Is Input Mix Inefficiency Neglected in Agriculture? A Case Study of Pig-based Farming Systems in England and Wales


  • David Hadley,

  • Euan Fleming,

  • Renato Villano

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    • David Hadley is a Lecturer, Euan Fleming is a Professor and Renato Villano is a an Associate Professor with the UNE Business School, University of New England, Armidale, NSW 2351, Australia. E-mail: for correspondence. We thank two anonymous referees and the Editor for comments and suggestions that considerably improved our original text, all remaining errors are our own.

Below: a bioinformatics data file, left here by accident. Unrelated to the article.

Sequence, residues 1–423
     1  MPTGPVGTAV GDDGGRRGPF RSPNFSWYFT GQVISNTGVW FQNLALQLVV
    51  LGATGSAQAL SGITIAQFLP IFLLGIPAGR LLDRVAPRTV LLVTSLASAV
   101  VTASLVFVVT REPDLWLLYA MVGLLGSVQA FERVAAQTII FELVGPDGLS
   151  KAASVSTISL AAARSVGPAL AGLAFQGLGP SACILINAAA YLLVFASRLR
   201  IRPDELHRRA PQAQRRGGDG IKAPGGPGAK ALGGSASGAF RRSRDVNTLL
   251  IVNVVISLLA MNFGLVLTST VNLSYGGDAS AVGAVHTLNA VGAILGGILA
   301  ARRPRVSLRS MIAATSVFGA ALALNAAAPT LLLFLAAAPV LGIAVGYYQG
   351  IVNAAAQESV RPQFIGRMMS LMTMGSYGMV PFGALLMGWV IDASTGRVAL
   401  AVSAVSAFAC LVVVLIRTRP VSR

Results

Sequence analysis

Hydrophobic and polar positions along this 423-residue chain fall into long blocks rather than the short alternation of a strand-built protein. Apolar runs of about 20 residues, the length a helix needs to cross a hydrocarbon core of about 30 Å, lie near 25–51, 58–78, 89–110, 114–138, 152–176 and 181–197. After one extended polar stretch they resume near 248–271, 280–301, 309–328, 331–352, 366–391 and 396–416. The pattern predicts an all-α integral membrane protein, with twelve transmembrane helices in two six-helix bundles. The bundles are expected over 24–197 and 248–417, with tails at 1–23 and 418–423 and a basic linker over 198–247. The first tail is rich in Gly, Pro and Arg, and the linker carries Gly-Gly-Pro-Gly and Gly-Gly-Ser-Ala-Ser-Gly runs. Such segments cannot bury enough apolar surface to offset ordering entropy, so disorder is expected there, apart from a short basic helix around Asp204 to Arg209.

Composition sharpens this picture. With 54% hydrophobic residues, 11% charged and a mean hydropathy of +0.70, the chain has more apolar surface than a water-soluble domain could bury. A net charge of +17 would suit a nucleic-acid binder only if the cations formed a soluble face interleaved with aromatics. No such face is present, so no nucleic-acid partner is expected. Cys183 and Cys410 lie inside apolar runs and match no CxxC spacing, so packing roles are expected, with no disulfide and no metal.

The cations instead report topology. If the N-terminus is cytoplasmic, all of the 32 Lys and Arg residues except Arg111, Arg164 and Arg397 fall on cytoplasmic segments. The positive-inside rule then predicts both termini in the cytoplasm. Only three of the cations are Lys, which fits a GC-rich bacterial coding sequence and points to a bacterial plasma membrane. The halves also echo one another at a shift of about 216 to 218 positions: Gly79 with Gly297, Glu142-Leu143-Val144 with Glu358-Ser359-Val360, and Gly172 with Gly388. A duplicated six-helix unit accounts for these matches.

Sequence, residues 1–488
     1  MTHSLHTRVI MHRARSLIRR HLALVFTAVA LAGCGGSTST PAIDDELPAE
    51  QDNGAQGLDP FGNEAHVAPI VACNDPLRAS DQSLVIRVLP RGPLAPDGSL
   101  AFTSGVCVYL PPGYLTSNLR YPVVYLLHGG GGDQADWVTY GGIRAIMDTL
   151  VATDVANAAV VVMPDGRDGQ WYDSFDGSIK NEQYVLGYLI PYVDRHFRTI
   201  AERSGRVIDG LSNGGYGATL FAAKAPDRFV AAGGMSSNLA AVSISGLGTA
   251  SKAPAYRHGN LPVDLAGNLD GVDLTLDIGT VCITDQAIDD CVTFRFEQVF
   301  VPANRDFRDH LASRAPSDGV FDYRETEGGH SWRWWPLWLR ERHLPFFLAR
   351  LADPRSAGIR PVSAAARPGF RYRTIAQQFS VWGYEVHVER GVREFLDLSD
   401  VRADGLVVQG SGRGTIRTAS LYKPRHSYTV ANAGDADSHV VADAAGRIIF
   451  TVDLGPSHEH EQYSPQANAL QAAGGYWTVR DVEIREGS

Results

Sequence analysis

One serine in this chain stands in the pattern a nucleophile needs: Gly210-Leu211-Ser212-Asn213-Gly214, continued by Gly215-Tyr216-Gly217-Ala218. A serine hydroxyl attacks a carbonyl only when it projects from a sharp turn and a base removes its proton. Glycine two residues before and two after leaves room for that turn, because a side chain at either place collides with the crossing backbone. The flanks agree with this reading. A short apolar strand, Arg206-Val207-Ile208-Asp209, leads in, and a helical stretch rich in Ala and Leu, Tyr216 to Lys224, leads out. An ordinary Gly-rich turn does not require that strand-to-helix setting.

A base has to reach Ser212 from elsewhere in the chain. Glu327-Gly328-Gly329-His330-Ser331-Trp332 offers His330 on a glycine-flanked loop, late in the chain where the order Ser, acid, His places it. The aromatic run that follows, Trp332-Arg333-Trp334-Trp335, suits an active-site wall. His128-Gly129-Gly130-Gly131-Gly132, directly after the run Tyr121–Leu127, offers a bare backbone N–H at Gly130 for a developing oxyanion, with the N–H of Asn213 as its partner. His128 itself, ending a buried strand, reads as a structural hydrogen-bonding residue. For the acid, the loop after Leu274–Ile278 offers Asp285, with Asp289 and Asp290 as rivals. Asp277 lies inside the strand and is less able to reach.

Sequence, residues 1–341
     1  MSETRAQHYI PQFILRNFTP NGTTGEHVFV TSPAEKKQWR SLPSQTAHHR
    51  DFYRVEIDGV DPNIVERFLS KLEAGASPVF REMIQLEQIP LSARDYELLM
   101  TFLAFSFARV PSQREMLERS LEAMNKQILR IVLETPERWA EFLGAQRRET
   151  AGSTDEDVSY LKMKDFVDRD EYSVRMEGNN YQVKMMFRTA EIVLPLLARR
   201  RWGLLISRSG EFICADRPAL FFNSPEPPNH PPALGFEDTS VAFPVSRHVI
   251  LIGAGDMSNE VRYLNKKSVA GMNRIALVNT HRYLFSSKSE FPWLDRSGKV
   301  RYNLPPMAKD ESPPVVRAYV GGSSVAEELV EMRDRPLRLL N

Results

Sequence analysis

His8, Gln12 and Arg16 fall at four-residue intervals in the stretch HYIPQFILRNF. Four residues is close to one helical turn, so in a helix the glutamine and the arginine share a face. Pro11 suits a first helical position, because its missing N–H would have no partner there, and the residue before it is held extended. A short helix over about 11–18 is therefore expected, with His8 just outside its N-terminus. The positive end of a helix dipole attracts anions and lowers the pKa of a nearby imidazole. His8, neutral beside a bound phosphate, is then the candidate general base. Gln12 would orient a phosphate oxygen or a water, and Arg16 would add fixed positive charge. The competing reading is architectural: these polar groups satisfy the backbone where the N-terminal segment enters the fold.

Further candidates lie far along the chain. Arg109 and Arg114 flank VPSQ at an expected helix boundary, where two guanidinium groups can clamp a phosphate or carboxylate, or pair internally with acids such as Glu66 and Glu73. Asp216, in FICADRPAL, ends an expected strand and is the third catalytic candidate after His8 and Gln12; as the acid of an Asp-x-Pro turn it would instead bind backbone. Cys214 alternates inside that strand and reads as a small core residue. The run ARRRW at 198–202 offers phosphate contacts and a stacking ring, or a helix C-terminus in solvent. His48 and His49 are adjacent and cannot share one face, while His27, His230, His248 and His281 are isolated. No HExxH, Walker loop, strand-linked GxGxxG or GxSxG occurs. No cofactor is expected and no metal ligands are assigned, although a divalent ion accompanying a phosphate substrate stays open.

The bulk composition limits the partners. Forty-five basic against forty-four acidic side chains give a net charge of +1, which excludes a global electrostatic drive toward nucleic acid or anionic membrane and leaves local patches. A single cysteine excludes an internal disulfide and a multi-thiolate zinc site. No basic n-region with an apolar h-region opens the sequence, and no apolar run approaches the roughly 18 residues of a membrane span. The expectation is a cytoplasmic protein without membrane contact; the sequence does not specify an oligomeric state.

The principal concern of this article is the relative importance of input mix as a source of inefficiency. Emphasis in efficiency analysis studies in agricultural production has historically focused on technical inefficiency as a single concept until methodological advances enabled it to be decomposed into pure technical inefficiency and scale inefficiency. But, this advance was insufficient to identify what we consider to be the major source of inefficiency in agricultural production, namely mix inefficiency. We consider that farm enterprises may be particularly susceptible to input mix inefficiency because of restrictions on movement around the frontier isoquant; delays in the adoption of improved technologies embodied in new vintages of production processes; risk as a source of friction in input allocation decisions; and the potential for inconsistency in simultaneously attempting to reach points of allocative efficiency and mix efficiency in input use. We use non-parametric methods to calculate a Hicks–Moorsteen productivity index using panel data for a sample of specialised pig producers in England and Wales. This index is then decomposed into measures of technology, technical efficiency, scale efficiency and mix efficiency for an input orientation. Results of the analysis show that the estimated mean mix inefficiency (0.736) was substantially larger than mean technical inefficiency (0.975) and mean scale inefficiency (0.957) over the study period.